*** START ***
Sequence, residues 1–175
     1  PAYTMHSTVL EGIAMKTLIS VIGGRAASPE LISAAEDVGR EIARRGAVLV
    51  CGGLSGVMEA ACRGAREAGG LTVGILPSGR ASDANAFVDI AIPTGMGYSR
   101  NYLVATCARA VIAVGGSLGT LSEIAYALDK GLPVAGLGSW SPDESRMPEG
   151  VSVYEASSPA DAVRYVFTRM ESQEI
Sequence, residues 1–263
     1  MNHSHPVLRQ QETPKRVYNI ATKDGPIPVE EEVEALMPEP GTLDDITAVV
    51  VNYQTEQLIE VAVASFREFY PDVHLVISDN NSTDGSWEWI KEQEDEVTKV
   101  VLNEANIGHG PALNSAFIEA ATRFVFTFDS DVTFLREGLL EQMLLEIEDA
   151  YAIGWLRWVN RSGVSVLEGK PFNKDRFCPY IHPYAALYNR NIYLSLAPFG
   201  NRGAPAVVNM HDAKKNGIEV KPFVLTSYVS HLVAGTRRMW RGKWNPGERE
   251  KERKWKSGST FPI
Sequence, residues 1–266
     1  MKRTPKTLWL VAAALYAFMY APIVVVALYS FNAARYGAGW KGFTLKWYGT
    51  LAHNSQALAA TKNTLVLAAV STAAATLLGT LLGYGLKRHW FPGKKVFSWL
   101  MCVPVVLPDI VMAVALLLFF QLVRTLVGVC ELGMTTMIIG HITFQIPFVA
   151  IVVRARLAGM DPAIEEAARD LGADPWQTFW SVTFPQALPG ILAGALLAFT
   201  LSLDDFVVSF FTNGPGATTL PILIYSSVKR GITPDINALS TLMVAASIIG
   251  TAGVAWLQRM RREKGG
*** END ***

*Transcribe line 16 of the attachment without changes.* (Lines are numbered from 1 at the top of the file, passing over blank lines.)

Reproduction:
   101  MCVPVVLPDI VMAVALLLFF QLVRTLVGVC ELGMTTMIIG HITFQIPFVA